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Few visitors to Tallahassee see the Florida Governor’s Mansion immediately. It is not located among the white office buildings clustered around the tower of the Capitol on its hilltop. Those who seek it find pleasant gardens surprisingly close to the bustle of state business, but a world away in feeling. They find a welcoming house, under the shade of live oaks, on a site chosen by legislators when the twentieth century was young. There are many larger houses, older houses, more opulent houses in Florida, but for Floridians, the Governor’s Mansion represents the state in a way no other house can.

This exhibit conveys the changes of nearly ninety years on this historic site. In the present house and in the one which preceeded it, twenty-five governors and their families have lived through the light and shadows of history. Since the first official residence was occupied in 1907, the grounds have known both a carriage house and a garage, a chicken coop and a swimming pool. World War II and the cold war cast shadows here, a blackout room was added, later a fallout shelter was built. The laughter of children, the pleasure of pets, occasions of family joy, and darker times of family tragedy – all are here. The rooms shown in these photographs and the objects that furnish them, as well as the gardens and the outdoor areas, represent a part of every Floridian’s heritage. That they are lovely and gracious should make each Floridian proud.

Excerpt from 700 North Adams Street, Editor-In-Chief Mrs. Rhea Chiles
Published by the Florida Governor’s Mansion Foundation, 1997

In 1824, Florida's territorial governor William P. DuVal announced that Tallahassee would become the seat of government for the state. For the next eight decades, Florida's chief executives provided their own housing. The Florida Metropolis described the predicament of the governors: "Since the Governor receives but $3,500 per year, he must do the best he can at boarding houses and hotels, precluding proper social functions expected of a head of state." Shown here is the Brown house built in 1850, and used by Governor Napoleon Broward as the governor's mansion from the time he was inaugurated in 1905 until 1907. The house was on North Monroe Street and its demolition led to the preservation movement in Tallahassee.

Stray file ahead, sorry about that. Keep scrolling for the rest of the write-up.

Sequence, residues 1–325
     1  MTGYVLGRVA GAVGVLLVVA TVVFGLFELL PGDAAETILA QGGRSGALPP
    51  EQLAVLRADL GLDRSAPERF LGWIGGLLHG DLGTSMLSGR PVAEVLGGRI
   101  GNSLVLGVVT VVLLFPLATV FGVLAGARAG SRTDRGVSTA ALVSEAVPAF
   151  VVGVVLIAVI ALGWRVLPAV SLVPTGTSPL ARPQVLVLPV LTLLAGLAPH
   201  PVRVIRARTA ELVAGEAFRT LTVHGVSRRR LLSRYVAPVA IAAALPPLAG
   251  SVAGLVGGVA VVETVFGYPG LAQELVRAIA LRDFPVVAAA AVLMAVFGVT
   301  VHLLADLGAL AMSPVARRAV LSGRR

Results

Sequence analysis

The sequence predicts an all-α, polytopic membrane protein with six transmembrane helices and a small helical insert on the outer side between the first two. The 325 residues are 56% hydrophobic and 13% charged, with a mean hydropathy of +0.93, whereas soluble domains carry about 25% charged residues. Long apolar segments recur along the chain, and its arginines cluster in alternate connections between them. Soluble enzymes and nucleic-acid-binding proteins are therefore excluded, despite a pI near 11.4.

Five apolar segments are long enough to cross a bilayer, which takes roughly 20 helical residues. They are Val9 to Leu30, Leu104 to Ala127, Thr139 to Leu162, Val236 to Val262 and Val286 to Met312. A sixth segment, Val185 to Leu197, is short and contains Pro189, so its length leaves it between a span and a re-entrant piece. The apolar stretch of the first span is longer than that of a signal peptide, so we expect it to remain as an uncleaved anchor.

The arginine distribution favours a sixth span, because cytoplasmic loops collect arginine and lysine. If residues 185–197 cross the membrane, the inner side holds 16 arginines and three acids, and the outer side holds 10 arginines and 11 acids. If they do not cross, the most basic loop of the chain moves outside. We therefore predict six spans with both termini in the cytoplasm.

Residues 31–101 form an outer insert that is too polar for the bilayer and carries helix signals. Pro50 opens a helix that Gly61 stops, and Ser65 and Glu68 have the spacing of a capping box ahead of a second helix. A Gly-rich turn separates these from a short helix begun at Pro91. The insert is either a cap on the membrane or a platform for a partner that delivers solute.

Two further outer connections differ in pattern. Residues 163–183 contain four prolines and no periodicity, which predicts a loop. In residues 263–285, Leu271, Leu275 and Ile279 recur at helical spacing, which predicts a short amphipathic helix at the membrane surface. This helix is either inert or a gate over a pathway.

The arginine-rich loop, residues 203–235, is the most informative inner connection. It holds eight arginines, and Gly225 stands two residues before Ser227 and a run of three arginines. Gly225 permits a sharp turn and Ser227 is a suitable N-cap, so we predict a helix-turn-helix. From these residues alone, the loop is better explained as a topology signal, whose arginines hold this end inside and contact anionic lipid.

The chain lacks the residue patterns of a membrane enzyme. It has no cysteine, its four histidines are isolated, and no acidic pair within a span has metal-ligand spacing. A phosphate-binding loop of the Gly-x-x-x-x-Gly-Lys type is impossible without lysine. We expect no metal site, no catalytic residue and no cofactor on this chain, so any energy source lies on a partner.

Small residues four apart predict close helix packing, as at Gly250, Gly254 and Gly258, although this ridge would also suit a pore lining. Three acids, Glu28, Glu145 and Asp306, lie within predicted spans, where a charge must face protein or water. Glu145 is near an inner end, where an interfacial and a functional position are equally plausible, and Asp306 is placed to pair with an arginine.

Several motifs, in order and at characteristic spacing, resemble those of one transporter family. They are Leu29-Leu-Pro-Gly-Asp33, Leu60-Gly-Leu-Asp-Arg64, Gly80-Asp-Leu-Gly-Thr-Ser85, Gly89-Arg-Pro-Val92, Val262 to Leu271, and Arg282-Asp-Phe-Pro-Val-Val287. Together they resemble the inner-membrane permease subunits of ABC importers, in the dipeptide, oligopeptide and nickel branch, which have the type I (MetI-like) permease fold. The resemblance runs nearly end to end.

In 1905, the sixtieth year of statehood, the Florida Legislature appropriated $25,000 to build an executive residence for the governor in an act that provided "for the Acquisition of a Site, and the Erection, Building and Furnishing of a Mansion Thereon for the Governor of the State of Florida." When no suitable public lands were found, George Saxon, a Tallahassee banker, generously gifted the state with four lots presently addressed as 700 North Adams Street, on the then northern city limits of Tallahassee. Henry John Klutho, the architect who had helped Jacksonville rebuild after the devastating fire of 1901, was chosen to design the mansion. Tallahassee builder Orion C. Parker was quickly selected and horse-drawn lorries began carrying the wooden columns to the site. Shown here, Parker's sons, Orion and Robert, ride astride a column.

Wearing his signature bowler, Orion C. Parker and his crew pause for a photo showing the progress at the work site. The Tallahassee True Democrat reported on August 10, 1906: "The building is as yet incomplete. From what stands there – its broad front and many windows – it is to be undoubtedly a noble structure, fitted exactly for this climate and its purpose."

Architect Henry John Klutho's neoclassical plan for the governor's mansion recalled the ancient roots of Florida's democratic traditions. Twenty-four Ionic columns with elaborate capitals vaulted from the front portico floor to the architrave. The (Tallahassee) Weekly True Democrat described Klutho's design as follows: "In these plans the proposed building presents a very handsome appearance outwardly. The front and sides are surrounded by a broad gallery supported by massive columns to the height of the building."